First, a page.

Market regulator Securities Exchange Board of India (SEBI) says it has started adjudication against 28-30 members in the National Stock Exchange (NSE) co-location or algo scam.
Speaking with reporters after a meeting of its board, SEBI chairman Ajay Tyagi, said, "Two whole-time members of SEBI are working on the NSE co-location matter and it has started adjudication against 28 to 30 members of the stock exchange."
As reported by Moneylife
, in August this year, Subhash Chandra Garg, secretary in the department of economic affairs had told Bharatiya Janata Party (BJP)'s member of Parliament (MP) Dr Kirit Somaiya that, based on the forensic audit reports in the algo scam, enforcement proceedings have been initiated against the NSE, its past and present officials, stock brokers and other connected entities.
"The investigation in the matter, taking into account the findings made in the forensic audit reports and other available facts, has since been completed. Based on the findings of the investigation, enforcement proceedings have been initiated against the NSE, the former and present officials, stock brokers, their directors, employees and other connected entities and individuals for violation of provisions of SEBI (Prohibition of Fraudulent and Unfair Trade Practices Relating to Securities Market) Regulations 2003, SEBI (Stock Exchange and Clearing Corp) Regulations 2012 and various circulars and direction issued under SEBI Act, 1992," Mr Garg said in his letter to the MP.
"SEBI has received inputs from forensic auditors and technical entities and action is being initiated against institution and individuals in NSE co-location case. The action will be made public in a few days," Mr Tyagi had said.
While the algo scam has been known for three years now, since Moneylife exposed it in June 2015, SEBI hadn’t shown much action, except issuing a weak show-cause notice sometime in July 2017. Taking a lead over SEBI, on 30 May 2018, CBI filed a first information report (FIR) against Sanjay Gupta, owner and promoter of OPG Securities Pvt Ltd, Aman Kakrady (brother-in-law of Sanjay), Ajay Shah (who is alleged to have facilitated Mr Gupta by developing and providing Algo software Chankaya), besides some unnamed officials of the NSE and SEBI.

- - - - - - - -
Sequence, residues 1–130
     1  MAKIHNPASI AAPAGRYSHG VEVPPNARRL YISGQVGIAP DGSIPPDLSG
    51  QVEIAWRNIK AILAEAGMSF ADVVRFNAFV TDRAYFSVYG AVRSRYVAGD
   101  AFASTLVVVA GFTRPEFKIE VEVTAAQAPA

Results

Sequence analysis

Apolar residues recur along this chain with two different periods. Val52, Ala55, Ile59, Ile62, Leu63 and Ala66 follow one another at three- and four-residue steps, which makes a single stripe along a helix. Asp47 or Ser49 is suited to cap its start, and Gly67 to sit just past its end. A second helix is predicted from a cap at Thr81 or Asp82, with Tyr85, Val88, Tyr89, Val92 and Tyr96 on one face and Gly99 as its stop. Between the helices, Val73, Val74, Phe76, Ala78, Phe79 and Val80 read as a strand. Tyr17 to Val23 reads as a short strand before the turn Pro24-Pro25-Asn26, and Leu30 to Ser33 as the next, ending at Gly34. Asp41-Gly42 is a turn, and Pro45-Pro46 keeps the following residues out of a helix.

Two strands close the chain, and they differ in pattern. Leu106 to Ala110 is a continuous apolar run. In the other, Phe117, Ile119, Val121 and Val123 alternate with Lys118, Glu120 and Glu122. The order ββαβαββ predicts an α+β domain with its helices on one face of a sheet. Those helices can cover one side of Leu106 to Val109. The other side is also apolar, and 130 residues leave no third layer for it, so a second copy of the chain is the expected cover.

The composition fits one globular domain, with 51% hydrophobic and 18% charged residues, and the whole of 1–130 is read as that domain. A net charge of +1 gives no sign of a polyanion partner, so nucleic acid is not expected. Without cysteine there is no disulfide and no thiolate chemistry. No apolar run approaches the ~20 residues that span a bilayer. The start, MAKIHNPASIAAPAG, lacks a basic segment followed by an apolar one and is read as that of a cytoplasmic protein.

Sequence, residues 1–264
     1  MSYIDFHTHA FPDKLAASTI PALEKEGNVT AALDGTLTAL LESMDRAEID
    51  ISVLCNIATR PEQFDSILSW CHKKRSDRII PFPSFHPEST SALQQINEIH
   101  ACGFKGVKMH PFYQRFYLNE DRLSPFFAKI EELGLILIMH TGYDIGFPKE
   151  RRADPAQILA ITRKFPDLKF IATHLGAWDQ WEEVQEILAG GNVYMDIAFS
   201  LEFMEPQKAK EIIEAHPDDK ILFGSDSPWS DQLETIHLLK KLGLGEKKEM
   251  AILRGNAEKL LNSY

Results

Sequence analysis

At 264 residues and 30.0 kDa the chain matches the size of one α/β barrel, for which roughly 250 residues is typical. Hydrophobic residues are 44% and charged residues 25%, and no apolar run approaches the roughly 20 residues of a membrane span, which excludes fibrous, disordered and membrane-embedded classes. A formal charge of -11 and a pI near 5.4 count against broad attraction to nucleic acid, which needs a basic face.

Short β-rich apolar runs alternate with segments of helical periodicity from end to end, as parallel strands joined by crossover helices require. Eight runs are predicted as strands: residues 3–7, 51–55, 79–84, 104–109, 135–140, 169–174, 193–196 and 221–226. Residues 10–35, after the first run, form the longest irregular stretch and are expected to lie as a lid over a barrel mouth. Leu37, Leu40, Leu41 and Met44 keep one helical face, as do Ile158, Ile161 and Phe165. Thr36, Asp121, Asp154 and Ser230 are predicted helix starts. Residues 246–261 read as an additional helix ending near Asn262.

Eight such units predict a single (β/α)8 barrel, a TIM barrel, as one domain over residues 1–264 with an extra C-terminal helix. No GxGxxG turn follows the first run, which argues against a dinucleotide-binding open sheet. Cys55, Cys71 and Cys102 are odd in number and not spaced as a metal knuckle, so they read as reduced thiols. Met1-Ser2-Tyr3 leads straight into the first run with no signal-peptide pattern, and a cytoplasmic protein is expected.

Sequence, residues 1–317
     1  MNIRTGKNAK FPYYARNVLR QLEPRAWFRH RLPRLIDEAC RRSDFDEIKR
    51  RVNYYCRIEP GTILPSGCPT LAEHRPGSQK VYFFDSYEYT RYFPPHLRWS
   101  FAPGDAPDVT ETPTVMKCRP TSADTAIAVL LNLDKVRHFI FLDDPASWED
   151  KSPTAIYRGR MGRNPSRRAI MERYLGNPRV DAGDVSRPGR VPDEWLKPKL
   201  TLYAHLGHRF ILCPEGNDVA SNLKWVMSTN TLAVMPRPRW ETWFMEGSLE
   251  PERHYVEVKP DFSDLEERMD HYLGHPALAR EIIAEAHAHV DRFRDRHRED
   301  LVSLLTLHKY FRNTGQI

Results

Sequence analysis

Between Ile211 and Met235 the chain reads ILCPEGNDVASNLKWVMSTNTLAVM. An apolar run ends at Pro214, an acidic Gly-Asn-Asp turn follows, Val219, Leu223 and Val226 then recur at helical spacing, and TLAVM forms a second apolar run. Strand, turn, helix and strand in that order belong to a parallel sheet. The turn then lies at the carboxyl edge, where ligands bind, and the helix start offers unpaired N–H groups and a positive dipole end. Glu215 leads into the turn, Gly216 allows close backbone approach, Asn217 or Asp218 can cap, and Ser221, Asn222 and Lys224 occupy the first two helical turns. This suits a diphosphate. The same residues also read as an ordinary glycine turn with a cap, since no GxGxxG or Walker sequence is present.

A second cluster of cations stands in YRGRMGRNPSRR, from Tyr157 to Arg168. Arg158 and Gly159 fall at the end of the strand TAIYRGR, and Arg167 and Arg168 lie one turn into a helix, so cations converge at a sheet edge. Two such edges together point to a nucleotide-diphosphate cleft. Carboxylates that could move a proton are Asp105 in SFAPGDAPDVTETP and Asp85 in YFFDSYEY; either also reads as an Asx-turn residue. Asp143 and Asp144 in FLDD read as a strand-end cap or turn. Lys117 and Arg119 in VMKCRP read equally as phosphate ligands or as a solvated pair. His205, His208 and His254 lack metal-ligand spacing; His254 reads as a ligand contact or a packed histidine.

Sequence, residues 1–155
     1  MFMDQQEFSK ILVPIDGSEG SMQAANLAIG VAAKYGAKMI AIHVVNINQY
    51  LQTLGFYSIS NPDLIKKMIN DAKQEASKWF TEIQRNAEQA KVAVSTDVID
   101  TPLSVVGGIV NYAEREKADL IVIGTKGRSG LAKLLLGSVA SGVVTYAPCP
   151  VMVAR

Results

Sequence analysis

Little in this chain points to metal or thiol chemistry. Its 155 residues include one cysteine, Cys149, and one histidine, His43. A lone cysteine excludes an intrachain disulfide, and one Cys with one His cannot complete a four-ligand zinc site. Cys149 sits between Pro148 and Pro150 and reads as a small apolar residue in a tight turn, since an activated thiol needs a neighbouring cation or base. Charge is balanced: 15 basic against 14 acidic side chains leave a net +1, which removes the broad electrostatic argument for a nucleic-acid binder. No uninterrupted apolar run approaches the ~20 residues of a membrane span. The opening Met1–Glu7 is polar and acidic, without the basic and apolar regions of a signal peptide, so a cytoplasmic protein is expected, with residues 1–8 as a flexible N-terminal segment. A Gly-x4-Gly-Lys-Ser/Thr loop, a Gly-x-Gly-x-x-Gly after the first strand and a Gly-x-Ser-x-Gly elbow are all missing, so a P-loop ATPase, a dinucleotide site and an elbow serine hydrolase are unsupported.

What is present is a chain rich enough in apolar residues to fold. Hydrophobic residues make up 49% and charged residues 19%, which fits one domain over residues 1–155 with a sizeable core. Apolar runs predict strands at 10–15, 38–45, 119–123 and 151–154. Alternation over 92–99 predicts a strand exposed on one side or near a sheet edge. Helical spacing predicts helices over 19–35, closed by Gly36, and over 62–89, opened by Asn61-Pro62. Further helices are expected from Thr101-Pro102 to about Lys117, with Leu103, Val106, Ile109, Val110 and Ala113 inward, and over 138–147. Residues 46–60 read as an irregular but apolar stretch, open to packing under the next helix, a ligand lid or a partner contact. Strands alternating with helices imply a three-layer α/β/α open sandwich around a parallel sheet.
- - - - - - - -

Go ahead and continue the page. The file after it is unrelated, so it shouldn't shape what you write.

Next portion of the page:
The nine-page FIR, filed on 30th May, was based on ‘source’ information but went straight into the issues that SEBI officials have been shirking for three years. In these three years, the main investigation into this issue was directed by the highly-regarded chairman of SEBI’s technical advisory committee (TAC), headed by Prof Ashok Jhunjhunwala.
Later in July 2018, SEBI issued show-causes notices (SCNs) to 15 entities including the NSE, Ravi Narain and Chitra Ramakrishna, both former managing directors of NSE and Mr Shah, a former official at the ministry of finance, along with some brokers.
In 2017, NSE submitted to SEBI a forensic audit report related to its colocation (colo) activities in its cash market, currency derivatives, and interest rate futures markets. The report was prepared by Ernst and Young (EY).
Soon, the income-tax (I-T) department conducted raids on premises of top officials of NSE and brokers named in the co-location issue. A report from Moneycontrol.com had stated "These officials and brokers included NSE's former Managing Director (MD) and Chief Executive (CEO) Chitra Ramkrishna, Suphrabhat Lala, and Sanjay Gupta, promoter of OPG Securities."
In the colo issue, there were two detailed reports, prior to that of EY’s. One by SEBI’s technical advisory committee (TAC) and a forensic audit report from Deloitte Touche Tohmatsu India LLP (Deloitte). The detailed investigation by TAC and forensic audit by Deloitte pointed out how brokers could get advantage in connecting to the NSE’s servers because the Exchange had no ‘load balancers’ and ‘randomisers’ in its systems architecture. Both the reports also said, Delhi-based OPG Securities was consistently able to connect to NSE’s trading system ahead of other trading members, as alleged by the whistleblower’s letter. The TAC also found that the architecture of NSE with respect to dissemination of tick-by-tick (TBT) through TCP/IP was prone to manipulation/abuse. (Read: TAC Report Proves Systemic Lapses at the NSE
It may be recalled that Moneylife was the first to expose this scam in mid-2015, for which NSE had filed a defamation case against us. A single judge had imposed a penalty on the NSE of Rs50 lakh for having filed a case against us. After filing an appeal against the order, NSE paid up the penalty. Meanwhile, in the wake of the scam, the top brass of NSE had to resign and a new management team took charge.
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